According to the catalog description, the illustration (left) is an 1860 print by artist Ochiai, Yoshiiku (1833-1904). It shows a flute-playing Russian woman and an Englishman holding a rifle. It Includes Japanese translations of English words such as kome/raisu (rice), mugi/beruri (barley), cha/chi (tea).
As for the entire print and photo collection, it currently numbers more than 14 million images, including photographs, fine and popular prints and drawings, posters, and architectural and engineering drawings. While international in scope, the collections are particularly rich in materials produced in, or documenting the history of, the United States and the lives, interests and achievements of the American people. And, of course, since America is a nation of immigrants from around the world, there are global connections in its resources.
The LOC is also using technology to enlist the help of online participants. In January 2008, it launched a pilot project on Flickr, the popular photosharing Web site. The public was invited to tag and describe two sets of approximately 3,000 historic photos.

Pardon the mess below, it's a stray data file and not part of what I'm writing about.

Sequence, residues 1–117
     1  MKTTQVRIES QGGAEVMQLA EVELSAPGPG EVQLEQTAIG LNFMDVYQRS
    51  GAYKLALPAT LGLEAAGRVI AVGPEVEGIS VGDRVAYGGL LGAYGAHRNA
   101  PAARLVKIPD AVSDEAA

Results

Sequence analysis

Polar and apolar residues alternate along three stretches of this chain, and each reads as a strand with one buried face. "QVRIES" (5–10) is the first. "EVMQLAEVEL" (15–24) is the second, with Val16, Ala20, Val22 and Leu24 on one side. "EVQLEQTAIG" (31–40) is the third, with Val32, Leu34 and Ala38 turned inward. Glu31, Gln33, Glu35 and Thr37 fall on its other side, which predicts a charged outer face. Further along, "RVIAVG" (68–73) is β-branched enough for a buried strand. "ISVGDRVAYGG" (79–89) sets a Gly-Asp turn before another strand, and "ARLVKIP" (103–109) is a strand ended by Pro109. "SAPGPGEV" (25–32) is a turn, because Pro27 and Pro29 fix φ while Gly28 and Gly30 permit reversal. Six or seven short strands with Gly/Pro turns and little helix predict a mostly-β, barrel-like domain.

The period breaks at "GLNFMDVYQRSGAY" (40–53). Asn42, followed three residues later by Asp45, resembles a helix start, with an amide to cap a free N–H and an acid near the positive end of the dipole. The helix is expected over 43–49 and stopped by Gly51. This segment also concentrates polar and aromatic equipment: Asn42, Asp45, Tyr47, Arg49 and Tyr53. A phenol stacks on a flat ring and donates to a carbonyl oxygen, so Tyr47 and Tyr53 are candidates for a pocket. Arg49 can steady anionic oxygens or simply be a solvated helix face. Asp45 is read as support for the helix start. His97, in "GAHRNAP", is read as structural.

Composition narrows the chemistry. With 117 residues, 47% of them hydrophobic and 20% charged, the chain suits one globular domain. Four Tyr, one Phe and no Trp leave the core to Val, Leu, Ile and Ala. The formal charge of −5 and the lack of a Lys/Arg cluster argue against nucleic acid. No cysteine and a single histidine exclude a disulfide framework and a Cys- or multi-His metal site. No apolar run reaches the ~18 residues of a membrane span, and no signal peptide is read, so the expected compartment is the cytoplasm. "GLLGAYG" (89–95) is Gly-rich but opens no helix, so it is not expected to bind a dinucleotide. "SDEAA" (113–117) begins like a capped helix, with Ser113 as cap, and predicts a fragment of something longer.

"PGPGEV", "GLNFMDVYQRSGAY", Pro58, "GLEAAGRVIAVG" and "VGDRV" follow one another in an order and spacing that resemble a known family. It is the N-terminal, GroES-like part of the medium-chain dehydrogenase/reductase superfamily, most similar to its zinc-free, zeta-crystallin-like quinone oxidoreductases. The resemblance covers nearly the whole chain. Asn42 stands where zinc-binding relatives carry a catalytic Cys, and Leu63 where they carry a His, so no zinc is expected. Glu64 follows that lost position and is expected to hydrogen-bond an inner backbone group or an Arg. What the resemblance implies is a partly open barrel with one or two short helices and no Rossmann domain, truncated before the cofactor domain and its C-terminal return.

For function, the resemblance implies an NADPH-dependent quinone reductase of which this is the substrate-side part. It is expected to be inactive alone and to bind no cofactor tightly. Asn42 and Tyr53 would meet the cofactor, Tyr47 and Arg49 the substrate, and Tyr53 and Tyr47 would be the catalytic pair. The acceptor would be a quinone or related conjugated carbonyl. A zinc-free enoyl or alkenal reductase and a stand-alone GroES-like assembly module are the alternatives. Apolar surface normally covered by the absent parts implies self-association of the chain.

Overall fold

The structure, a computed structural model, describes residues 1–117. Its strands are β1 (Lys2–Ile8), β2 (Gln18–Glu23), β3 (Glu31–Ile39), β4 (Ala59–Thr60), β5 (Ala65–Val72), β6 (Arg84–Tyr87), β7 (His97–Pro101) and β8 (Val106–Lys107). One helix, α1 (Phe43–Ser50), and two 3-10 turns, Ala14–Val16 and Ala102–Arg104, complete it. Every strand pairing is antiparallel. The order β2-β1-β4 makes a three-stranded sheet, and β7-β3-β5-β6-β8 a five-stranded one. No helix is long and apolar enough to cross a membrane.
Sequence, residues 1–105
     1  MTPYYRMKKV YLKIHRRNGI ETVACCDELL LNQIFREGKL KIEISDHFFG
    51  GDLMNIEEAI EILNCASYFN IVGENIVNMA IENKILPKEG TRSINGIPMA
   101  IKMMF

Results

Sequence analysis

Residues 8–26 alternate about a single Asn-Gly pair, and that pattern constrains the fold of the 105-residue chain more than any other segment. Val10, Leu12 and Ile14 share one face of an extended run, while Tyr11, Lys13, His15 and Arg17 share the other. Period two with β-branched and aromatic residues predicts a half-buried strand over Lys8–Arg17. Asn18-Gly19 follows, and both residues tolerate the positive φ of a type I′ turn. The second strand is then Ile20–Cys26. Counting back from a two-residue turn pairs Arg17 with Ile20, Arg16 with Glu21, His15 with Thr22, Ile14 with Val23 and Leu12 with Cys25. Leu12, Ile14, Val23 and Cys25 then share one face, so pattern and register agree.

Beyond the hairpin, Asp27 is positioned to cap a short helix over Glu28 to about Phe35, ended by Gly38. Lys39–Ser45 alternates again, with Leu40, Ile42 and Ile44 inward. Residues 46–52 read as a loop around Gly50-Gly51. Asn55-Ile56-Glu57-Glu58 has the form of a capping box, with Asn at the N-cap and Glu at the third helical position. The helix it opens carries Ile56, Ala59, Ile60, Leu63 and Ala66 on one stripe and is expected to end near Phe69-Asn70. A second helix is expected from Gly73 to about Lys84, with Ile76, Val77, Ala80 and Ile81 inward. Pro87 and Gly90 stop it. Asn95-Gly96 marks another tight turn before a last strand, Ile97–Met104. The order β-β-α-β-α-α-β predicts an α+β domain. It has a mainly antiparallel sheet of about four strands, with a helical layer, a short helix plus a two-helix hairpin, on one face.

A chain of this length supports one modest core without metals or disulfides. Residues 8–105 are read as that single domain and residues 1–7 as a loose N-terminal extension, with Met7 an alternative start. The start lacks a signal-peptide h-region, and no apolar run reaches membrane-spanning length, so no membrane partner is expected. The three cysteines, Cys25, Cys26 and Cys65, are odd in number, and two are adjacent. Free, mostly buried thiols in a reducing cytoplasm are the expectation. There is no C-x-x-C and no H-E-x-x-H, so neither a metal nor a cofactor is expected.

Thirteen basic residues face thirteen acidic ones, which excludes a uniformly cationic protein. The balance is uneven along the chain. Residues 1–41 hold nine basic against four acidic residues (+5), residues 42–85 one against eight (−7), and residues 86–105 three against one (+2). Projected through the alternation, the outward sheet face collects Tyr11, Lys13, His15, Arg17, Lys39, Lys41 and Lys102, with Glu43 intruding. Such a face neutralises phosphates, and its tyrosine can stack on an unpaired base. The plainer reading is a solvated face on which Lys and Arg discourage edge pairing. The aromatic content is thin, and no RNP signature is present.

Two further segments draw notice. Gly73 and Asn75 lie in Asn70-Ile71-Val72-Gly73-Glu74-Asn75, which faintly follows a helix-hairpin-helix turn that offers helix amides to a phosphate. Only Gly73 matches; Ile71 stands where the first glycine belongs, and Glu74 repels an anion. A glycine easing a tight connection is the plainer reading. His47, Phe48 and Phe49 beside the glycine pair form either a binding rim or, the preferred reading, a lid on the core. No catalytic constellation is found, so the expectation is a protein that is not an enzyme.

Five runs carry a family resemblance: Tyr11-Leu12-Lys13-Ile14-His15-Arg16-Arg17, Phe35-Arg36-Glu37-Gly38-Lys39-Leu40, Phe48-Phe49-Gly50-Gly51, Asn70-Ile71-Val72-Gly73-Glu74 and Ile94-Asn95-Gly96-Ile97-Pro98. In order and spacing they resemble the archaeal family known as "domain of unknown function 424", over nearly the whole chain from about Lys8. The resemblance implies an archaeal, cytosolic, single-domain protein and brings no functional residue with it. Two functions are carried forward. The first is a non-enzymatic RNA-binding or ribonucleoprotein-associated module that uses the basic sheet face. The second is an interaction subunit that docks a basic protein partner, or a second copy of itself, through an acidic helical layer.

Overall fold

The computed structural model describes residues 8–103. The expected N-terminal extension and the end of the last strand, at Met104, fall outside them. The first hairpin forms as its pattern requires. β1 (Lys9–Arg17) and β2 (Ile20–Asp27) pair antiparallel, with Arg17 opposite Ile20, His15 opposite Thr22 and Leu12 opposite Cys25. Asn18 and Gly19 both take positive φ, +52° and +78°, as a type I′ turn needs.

This project was welcomed in a big way. In the first 24 hours after the launch, 1.1 million views were recorded on the project and 3.6 million views a week later. In March 2008, LOC began loading an additional 50 photos each Friday. As of October 2008, LOC Flickr photos average a half-million views per month and since the project began, there have been 10 million-plus views. The LOC blog reported in May 2009 that viewers can find more than 1.2 million pictures in the digitized collections in the Prints & Photographs Online Catalog at the Library of Congress website.
What else can a researcher find at the LOC? Acording to more than 20 updates I've already received just in August (and the month isn't over yet!), here are some of the subjects: Historic Newspapers, additions to "Chronicling America," longevity of digital documents, "100 years ago" features (tennis for young girls and other topics), lectures, staff appointments, the August 2009 Digital Preservation Newsletter and more. Other alerts feature videos and webcasts.